The Chelsea dagger: UK hits Putin’s cronies where it hurts

The Chelsea dagger: UK hits Putin’s cronies where it hurts

It must have been heart-wrenching for the Chelsea FC owner Roman Abramovich not to attend the English FA Cup Final in London and miss lifting the trophy with his players. Apparently, his absence was the result of his British visa not being been renewed. 

It is unusual for someone with his wealth and magnitude of investment in the UK not to be almost automatically granted the right to live and work there. This raised the suspicion that it was not a bureaucratic hitch, but the result of greater scrutiny by the government in London of Russian oligarchs close to President Vladimir Putin, sending a message to Moscow that he and those around him are not untouchable. While the official line is that the government would not comment on individual cases, the prime minister’s office was quick to add that it was only logical to examine the financial background of those who ask to extend their stay. In the past such individuals needed only to prove their wealth, not how they acquired it. 

Fast-tracking such visas was a way of attracting foreign investment in abundance. The combination of business opportunity and economic and political stability, without too many questions asked, became fertile ground for Russian investment, especially in London’s property and financial markets. The downside is that it has also become a popular destination for money launderers. 

Growing tensions with Russia are a reminder that this kind of investment has its moral and political price. Nevertheless, in a time of crisis, the British political establishment realizes that, as useful as this money is for the UK’s economy, it is also a useful tool for containing Putin. Investing in the UK is mutually beneficial, as the wealthy Russian oligarchs seek economic and political stability and a haven for a rainy day, when they fall out with the modern-day Russian tsar. Their relations with the president are instrumental, as Putin enables them to constantly increase their wealth, and they help him stay in power almost indefinitely.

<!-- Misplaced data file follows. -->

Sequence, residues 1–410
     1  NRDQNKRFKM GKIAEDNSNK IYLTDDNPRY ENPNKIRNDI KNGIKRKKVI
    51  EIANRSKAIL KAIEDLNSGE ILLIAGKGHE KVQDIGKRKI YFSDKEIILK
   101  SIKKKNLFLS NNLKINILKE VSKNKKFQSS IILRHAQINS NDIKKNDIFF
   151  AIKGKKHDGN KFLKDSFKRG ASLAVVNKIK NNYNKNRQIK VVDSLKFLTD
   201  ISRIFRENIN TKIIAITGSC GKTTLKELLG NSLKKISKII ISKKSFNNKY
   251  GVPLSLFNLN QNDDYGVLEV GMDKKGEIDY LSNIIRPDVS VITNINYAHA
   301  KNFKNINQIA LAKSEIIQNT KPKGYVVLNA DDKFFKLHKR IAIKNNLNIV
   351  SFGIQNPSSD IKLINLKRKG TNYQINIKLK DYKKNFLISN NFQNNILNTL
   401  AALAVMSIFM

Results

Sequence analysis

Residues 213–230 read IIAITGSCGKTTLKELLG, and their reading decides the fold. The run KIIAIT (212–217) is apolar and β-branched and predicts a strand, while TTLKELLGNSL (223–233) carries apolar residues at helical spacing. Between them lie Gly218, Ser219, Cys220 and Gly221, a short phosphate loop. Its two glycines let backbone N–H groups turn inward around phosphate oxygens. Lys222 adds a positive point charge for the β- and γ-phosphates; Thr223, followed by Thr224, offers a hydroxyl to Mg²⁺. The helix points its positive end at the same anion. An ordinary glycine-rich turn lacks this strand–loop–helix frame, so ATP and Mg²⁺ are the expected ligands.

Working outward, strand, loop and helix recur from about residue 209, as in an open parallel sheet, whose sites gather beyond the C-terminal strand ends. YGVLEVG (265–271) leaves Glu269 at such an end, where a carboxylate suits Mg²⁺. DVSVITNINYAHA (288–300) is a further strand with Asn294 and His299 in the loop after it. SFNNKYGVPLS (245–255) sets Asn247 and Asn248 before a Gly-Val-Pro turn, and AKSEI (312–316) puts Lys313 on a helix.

Britain’s new tactic of delaying visas, while asking for evidence of the source of their wealth, is a case of stealthy and smart sanctions. It attempts to drive a wedge between the Russian leader and those whose wealth and economic interests the Kremlin protects, and to limit their economic activity.

It would be naive to think that British politicians have suddenly rediscovered their moral conscience and decided to clean the country of what has been called Russian “dirty money.” There is a much bigger picture, in which this new policy reflects growing discomfort and concerns about a resurgent Russia, which despite a sluggish economy is trying to revive its superpower status — a status it had painfully and humiliatingly lost at the end of the Cold War. 

A confident Putin, who has just been re-elected for another six-year term, has reasserted himself in his geopolitical backyard; has shown in Syria that he was ready to take bold and dangerous decisions to advance Russian interests in a place very few gave him any chance of succeeding; and at home is ruling with an iron fist. In both domestic and international relations, he operates with utter disregard for human rights, with little or no opposition.